For Detroiters like me, there is no beginning or introduction to Aretha Franklin. She was just always there. I was not lucky enough to have been alive when she cut her first album at a black-owned indie label on Hastings Street, not alive to witness her singing in the choir at her father’s church. I can never claim a moment to when I first heard a song like “Think” or “Do Right Woman - Do Right Man” on the radio. I can’t ever say I felt the importance of why representation matters when I saw her bouffant on Time magazine.
Aretha Franklin, the undisputed “Queen of Soul,” was one of the most recognizable voices in R&B and Soul music. Franklin’s music transcended time, race, age and so much more. Here are a few quick facts about one of Detroit’s most notable singers.
I’m a veteran of the Dexter bus, the #16 that I used to board at the corner of Fullerton and Dexter to get back and forth to Renaissance High School during the school year, and in the other direction downtown for a summer job I once held. I graduated from DDOT to CATA — that’s Capital Area Transportation Authority — when I was a student at Michigan State University, which I rode for a good amount of time there. And I’ve used public transportation in some of America’s largest cities: New York City, Chicago, San Jose and Boston among them.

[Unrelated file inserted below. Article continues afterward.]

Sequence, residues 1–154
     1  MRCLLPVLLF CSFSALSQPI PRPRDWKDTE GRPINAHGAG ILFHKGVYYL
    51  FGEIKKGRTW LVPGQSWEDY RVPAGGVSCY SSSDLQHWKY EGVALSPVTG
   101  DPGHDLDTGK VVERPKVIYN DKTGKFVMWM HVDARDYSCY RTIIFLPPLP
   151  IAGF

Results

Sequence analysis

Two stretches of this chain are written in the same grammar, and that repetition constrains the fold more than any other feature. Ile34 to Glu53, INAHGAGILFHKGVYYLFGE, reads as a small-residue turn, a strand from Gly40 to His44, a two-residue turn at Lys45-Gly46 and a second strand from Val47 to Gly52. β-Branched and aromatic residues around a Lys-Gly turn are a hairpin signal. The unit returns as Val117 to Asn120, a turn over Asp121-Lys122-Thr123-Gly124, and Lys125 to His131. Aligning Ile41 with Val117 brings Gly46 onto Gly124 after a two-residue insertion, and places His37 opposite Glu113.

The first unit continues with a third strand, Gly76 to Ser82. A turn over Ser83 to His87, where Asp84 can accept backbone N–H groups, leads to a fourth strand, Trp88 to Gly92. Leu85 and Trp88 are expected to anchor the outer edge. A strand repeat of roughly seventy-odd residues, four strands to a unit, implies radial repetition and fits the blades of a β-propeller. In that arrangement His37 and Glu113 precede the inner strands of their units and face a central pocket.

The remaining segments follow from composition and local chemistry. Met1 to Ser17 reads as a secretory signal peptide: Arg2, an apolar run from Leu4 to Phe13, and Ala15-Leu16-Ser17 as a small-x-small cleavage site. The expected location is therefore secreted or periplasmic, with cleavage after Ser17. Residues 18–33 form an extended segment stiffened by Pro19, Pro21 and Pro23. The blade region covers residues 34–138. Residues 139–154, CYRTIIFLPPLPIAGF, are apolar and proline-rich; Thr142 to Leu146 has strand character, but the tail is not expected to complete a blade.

'He's from Detroit and he made something of himself': One Detroit producer's reason why he calls the city home
“I want to be one of those people that takes what Detroit is doing and be a pioneer, and not necessarily say I have to be the number one guy in the world or whatever.
“But I do want people to look at me and say, ‘he’s from Detroit, he made something out of himself.’”
See D-Love’s reason why he produces music in Detroit in the video above.
Check out Detroit Art Week from this Friday until Sunday.
Enjoy a culinary menu of food inspired by Miyazaki films at The Miyazaki Dinners: Howl's Moving Castle In The Sky.
Enjoy a free performance of In The Heights at New Center Park.
More than 120 calls — and counting — were placed with the mayor’s office today in response to a viral Facebook post shared more than 1,700 times encouraging the City of Detroit to take action on a white pit bull chained outside of a home in the city.